Sculler’s Row


Inwood: Rowing on the River
Community Gazette
March 10, 2004
By Jennifer Sabella

In the early 1900s, boathouses belonging to various clubs lined a stretch of the Harlem River popularly known as Sculler’s Row. They attracted hundreds of rowers including high school students, trolley workers, people from Wall Street and one of the first female rowing crews. Eventually, though, rowing’s popularity faded, and the boathouses closed.

But Sculler’s Row may rise again. It has been restored as part of Swindler Cove Park, five acres of land at the northern tip of Manhattan along the Harlem River. For years, the area was neglected and underutilized. It was a boat graveyard, complete with litter and trash, said Jane Jackson, director of programming at the New York Restoration Project. That changed because a public-private partnership provided the funding to beautify and restore the cove. Work was completed last summer.

While such partnerships have become common, they usually occur with parks that are either large or in affluent areas such as Central Park or Bryant Park. How did such an arrangement come to rescue a small piece of land far from midtown in a relatively low and middle-income area?

In the mid 1990s, Billie Swindler, after whom the park is named, brought the neglected area to the attention of Bette Midler, founder of the New York Restoration Project. Midler and project president Joseph Pupello became interested in the site because it went along with the group’s mission to “reclaim and restore neglected open space in under-served communities,” said Jane Jackson, director of programming for the project.

At that time, Midler wrote recently, “It may well have been the saddest place in Manhattan. It was littered with all kinds of garbage, tires, cars and other refuse. The Harlem River shoreline was a dumping ground for household waste and abandoned boats. It was a blight on our city.”

During the course of researching the site, the project found that Swindler Cove had been targeted for improvement a number of years ago, but nothing had ever been done. The area had been designated “a wetland mitigation site,” meaning that if someone developed a wetland, Swindler Cove could be improve upon to compensate for the loss of the other area. As Restoration Project executive senior vice president Amy Gavaris explains it, in the early 1990s, the state Department of Transportation did work along the FDR Drive that affected wetland there. Because of that, one acre of wetland had to be created or improved, and Swindler Cove was selected. However, the transportation department’s consultant for the project died, and Swindler Cove was forgotten.

When the restoration project notified the state of it inaction, Albany decided to revive the project. The transportation department was appointed to oversee the construction of a five-acre park around a three-acre salt marsh at Swindler Cove. The state expanded its initial contribution of $8 million to $10 million.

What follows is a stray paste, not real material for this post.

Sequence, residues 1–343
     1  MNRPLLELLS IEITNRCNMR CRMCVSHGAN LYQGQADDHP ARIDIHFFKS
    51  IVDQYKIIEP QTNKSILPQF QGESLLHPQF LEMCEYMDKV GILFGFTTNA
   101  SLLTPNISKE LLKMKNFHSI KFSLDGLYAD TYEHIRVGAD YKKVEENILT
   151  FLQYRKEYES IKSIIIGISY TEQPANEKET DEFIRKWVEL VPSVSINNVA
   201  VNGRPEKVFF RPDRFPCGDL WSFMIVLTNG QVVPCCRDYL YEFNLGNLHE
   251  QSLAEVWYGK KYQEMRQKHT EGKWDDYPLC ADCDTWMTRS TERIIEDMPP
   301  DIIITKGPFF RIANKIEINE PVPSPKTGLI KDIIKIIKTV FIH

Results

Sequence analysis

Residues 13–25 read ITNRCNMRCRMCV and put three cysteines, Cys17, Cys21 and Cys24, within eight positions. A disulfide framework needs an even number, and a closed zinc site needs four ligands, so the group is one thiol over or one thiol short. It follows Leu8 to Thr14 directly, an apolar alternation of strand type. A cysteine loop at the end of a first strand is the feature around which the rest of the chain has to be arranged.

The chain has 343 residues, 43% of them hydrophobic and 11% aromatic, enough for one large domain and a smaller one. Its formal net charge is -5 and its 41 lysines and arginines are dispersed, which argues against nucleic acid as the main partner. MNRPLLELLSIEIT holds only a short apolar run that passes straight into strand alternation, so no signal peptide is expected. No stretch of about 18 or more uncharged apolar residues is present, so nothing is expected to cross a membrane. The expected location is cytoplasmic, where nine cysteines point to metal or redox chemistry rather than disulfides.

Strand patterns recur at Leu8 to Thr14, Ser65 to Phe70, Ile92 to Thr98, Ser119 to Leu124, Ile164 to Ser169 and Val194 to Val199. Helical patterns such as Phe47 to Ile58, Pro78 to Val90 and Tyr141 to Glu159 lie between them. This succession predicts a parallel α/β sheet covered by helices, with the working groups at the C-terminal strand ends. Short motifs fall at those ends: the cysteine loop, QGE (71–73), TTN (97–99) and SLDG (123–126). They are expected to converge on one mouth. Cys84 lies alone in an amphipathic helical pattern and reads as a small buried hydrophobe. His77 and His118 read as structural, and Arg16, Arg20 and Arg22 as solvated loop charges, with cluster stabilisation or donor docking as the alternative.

But now that construction is complete, the state no longer contributes funds for the park. Instead, the city owns the parkland, and the restoration project maintains the park and supplies the staff needed to run it. The group acquires money for this through donations and other fundraising activities.

The restoration project sought out other private funding for the construction of a boathouse to restore rowing in the area. The Peter Jay Sharp Foundation provided more than two thirds of the $3 million for the project. Speedo, the swimsuit maker, donated the rest.

The Peter Jay Sharp Boathouse is being constructed im Norwalk, Connecticut. The completed boathouse will then be transported by barge to Swindler Cove, where it will remain floating, so as not to disturb the environment. The New York Rowing Association will manage the facility, which will be the site of athletic and competitive rowing programs that will be open to the community and largely free.

For those who prefer to stay on land, the restoration project has established the 18-plot Riley Levin Children’s Garden in the park. This garden, which is maintained by the project, was created with a $1 million donation from Barbara Riley Levin.

The restoration project is working to provide environmental education programs to students at nearby P.S. 5. It also hopes to offer instruction on such themes as gardening and water quality to members of the community.

This is part of the project’s focus on bringing people from the surrounding area into the public space. The goal, says Jackson, is to instill in community members “a sense of stewardship and responsibility” for Swindler Cove, onetime urban blight that is now a park.

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